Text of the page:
Local election 2022: 86-year-old couple 'disgusted' as post vote arrives after polling day
- Credit: PA
A 86-year-old couple were “disgusted” to receive their postal votes too late to partake in the recent local election.
Roy and Mary Thomas have lived in their home in the Hylands ward since 1966, and have voted via post for the last four or five years.
Due to their age, Roy said getting to their nearest voting station on Osborne Road has proven increasingly challenging.
“We are getting on. We are 86, and we do find it a bit difficult now to travel,” he said.
He added that, until this year, he and Mary had never had any problems with their postal votes.
However, he said they were “so disgusted” when their slips arrived on Friday, May 6, a day after votes had to be cast.
A spokesperson from Havering Council said it had not received any complaints about late postal votes, and added everyone who got in touch before 5pm on election day had theirs re-issued.
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On what happens when postal votes need re-issuing, the spokesperson said residents are asked to collect them directly from the council offices.
“(We were) totally upset about it,” Roy said. “We have voted all our lives. It’s our democratic right to do that.”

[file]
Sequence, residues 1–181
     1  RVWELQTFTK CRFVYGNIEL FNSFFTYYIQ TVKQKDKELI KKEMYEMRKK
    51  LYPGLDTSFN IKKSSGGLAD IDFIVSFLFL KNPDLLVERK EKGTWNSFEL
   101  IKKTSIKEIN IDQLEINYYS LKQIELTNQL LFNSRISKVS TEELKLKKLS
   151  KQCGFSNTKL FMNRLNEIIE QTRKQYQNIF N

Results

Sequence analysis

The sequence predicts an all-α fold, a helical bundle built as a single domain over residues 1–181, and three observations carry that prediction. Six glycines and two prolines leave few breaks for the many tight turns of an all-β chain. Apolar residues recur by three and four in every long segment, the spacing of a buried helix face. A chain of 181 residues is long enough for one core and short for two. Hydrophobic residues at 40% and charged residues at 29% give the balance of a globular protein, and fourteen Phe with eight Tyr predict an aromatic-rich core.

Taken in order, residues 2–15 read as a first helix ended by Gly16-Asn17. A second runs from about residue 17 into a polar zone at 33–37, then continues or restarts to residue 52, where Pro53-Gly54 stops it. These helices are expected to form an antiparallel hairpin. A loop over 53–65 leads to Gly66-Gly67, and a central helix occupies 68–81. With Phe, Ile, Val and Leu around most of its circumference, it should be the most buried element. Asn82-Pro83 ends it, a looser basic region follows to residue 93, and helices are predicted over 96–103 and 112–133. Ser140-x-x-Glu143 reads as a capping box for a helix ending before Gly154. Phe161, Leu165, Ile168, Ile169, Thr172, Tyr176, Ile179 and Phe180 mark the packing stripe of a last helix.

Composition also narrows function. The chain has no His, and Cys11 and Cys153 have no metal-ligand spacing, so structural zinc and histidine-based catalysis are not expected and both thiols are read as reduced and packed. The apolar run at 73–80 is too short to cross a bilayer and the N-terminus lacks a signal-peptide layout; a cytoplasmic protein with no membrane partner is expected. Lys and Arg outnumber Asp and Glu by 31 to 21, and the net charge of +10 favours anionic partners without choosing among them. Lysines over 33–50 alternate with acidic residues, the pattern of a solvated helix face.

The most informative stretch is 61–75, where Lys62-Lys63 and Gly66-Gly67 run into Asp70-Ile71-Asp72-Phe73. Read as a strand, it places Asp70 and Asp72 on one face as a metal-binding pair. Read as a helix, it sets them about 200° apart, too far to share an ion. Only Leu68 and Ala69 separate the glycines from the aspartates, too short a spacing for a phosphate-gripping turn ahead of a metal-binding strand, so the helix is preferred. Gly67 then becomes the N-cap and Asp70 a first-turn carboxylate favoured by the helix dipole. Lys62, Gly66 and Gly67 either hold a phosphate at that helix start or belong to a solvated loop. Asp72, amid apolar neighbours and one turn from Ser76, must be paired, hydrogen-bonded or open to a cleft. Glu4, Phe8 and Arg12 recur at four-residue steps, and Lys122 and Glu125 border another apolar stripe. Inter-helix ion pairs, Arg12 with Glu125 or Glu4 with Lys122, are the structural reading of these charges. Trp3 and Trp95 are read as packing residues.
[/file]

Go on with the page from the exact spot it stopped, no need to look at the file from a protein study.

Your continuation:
Roy added that he and Mary were not alone, with a neighbour also receiving theirs late.
“She said ‘well if they aren’t going to bother sending me a voting slip, I won’t vote,’” he said.
A Havering Council spokesperson said: “We haven’t received any complaints about postal votes being delivered late.
“Each person who requested a postal vote was made aware on their postal polling card that if they had not received their postal vote by April 28, they should contact the council.
“We’ve checked our records and everyone who contacted us before 5pm on election day had their lost postal vote re-issued.
“Postal votes can be handed in at any polling station within the borough up to 10pm on election day.”
Local elections took place across various local authorities around the country, including all of London’s boroughs, on May 5.
In Havering, no one party was able to claim a majority of the seats, resulting in what is known as No Overall Control (NOC).
Efforts to agree various power-sharing agreements between the parties are currently stuck at an "impasse" as the deadline to form a new administration by the annual full council meeting on May 25 looms.